It says in 2nd Corinthians, chapter 13, verse 5, Paul had come to a church, many of them professing Christ, many of them walking in carnality, and he doesn't ask them—he doesn't say to them, "Let me ask you something. When was the time that you first asked Jesus Christ into your heart?" He didn't even refer to their conversion experience. He goes right to present tense and he says this: Test yourselves—in verse 5—to see if you are in the faith. Examine yourselves. Or do you not recognize this about yourselves, that Jesus Christ is in you unless indeed you fail the test.
If I see someone who, let's say, for three or four years seems to have walked with God, loved the saints, endeavored to pray, to know the Word, to congregate with other believers, and all of such, and then they begin to fall away gradually. They begin to walk away. They begin to allow the world and sin and other things into their life. They begin to enjoy the fellowship of the wicked. I don't go to them and tell them, "You know you're a Christian and you need to avoid backsliding."
I go to them and say, "You have made the good profession. You have declared among many that you are a believer, but now you are beginning to live like an unbeliever. It is very, very possible you never knew Him, that up until this point, it has all been a very deceiving work of the flesh, because, if a work of God does not continue, it never was a work of God.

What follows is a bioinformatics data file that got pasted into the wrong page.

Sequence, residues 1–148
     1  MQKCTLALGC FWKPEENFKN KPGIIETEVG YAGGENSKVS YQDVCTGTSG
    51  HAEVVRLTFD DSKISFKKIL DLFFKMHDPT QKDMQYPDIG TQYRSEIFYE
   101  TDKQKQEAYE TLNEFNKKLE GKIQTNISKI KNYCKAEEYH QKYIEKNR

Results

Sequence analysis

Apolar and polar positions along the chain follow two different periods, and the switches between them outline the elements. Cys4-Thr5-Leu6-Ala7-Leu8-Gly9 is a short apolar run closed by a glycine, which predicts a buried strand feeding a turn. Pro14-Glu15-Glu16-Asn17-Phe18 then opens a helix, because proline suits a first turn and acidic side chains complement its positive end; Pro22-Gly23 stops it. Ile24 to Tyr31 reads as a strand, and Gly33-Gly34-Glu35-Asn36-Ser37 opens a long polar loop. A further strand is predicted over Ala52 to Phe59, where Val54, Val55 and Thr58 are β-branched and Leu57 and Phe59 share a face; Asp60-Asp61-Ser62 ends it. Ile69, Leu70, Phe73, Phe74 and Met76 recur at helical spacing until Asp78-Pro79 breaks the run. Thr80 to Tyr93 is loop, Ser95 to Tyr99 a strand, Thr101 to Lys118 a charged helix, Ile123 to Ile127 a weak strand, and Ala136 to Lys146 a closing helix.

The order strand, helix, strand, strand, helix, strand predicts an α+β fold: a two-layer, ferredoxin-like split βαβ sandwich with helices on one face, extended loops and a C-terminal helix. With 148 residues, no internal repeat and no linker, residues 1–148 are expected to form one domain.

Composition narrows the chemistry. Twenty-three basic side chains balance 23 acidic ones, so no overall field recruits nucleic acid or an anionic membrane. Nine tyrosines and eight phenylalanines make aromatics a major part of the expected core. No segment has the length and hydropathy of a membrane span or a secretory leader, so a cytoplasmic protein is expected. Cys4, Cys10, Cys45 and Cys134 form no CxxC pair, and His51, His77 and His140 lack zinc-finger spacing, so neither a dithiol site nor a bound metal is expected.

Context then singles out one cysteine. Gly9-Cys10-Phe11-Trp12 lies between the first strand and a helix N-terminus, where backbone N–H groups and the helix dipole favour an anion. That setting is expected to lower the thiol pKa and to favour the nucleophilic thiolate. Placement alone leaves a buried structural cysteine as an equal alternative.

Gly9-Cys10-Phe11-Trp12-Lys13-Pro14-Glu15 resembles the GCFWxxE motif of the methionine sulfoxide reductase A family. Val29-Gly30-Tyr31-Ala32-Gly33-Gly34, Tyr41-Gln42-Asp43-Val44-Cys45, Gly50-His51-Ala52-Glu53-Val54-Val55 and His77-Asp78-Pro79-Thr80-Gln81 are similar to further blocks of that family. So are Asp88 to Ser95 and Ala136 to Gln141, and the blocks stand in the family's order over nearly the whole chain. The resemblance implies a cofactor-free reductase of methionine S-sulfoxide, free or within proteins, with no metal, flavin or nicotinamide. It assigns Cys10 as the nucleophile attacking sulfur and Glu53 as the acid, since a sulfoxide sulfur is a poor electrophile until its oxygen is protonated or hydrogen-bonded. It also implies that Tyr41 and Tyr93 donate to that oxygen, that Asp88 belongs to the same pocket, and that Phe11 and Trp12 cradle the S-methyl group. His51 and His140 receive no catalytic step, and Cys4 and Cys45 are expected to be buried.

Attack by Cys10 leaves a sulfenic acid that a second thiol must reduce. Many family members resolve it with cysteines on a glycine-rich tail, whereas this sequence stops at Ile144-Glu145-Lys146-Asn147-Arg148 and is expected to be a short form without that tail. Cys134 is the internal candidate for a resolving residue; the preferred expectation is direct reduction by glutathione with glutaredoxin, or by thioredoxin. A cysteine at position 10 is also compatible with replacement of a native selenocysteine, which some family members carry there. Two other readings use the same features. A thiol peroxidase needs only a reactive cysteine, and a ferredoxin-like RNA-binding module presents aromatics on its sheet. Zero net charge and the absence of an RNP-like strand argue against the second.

Now what does Paul say to this person? He says, Test yourselves. Test yourselves. Take a test. Let me tell you something, my dear friends. Heaven and hell, eternity and death may not be very much a reality to you, but it most certainly is to this preacher. I could care less whether or not your bank account is balanced or you have self-esteem. My only thing––the only thing that might keep me up this evening and steal sleep from my eyes is the fact that many of you will die and go to hell.
Test yourself! This is not just some whimsical thing. This is not just something to worry about for a day. We're talking about eternity. Is it well with your soul? If you test yourselves in the light of Scripture, will you be found whole and complete, born again, kept by the power of God? It's time to take a test and stop relying on your emotions and stop relying on what everyone is telling you and stop comparing yourself to other people who call themselves Christians, because the great majority of people in America who call themselves Christians are lost.